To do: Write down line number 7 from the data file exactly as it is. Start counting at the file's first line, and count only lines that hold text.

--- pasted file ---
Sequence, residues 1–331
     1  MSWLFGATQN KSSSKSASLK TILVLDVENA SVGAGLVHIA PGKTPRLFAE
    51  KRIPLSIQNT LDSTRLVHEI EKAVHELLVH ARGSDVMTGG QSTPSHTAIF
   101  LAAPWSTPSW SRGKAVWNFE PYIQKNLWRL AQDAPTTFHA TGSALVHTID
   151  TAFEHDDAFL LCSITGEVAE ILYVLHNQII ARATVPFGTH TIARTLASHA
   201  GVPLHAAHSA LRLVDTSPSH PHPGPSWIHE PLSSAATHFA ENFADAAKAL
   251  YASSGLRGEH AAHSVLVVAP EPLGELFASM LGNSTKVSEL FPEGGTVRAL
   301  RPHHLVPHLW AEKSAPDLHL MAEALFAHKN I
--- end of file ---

   251  YASSGLRGEH AAHSVLVVAP EPLGELFASM LGNSTKVSEL FPEGGTVRAL